Alternative Boomerang Kids, Intergenerational Co-residence, and Maternal Labor Supply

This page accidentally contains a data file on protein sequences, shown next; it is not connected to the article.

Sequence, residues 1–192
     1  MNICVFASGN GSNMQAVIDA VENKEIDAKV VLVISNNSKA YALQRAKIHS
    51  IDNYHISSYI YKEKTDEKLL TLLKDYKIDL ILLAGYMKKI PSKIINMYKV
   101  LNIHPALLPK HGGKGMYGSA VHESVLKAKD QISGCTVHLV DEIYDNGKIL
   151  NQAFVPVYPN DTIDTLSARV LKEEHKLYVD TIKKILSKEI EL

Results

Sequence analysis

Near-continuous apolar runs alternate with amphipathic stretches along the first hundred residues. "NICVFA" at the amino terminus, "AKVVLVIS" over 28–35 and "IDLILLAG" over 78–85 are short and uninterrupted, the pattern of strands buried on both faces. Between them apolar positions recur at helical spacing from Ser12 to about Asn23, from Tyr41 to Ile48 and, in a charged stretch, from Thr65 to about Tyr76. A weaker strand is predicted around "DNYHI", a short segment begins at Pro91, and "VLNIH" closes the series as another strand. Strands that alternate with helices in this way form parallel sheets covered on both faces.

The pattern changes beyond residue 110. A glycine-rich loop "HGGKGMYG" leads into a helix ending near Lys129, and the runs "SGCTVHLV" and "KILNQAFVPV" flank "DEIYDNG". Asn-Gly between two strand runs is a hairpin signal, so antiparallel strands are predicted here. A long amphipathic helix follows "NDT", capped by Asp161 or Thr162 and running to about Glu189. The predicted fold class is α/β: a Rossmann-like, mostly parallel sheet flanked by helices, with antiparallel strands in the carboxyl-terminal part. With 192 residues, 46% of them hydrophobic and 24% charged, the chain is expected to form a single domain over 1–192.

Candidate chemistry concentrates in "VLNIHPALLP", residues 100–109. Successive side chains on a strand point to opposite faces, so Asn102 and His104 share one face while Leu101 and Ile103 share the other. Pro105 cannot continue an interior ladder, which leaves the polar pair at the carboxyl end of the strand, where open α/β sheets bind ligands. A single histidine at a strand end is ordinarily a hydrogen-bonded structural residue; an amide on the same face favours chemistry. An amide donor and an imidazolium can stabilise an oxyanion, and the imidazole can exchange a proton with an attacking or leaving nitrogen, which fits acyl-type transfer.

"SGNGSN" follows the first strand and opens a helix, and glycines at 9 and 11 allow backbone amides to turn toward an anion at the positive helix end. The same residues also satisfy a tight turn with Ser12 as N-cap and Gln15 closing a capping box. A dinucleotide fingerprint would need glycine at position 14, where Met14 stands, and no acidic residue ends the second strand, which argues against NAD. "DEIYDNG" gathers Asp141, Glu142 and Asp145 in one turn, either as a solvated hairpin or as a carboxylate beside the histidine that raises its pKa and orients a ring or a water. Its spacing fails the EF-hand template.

This study investigates the boomerang phenomenon among adult children in Thailand. We estimate the effect of having children on co-residence between parents and adult children using Socio-Economic Survey panel data. We find that adult children who have moved out tend to move back in with their parents after having children to save time and money on childcare. The presence of young children increases the likelihood of intergenerational co-residence by over 30%. This study is the first to provide empirical evidence of boomerang kids in an Asian context, which is distinctive compared with Western countries. The relationship between intergenerational co-residence and the maternal labor supply is also examined using the instrumental variable approach based on the cross-sectional Labor Force Survey, which has data covering over 30 years. Our results show that co-residence increases the female labor supply by 21% and also extends women's working hours by 10 hours.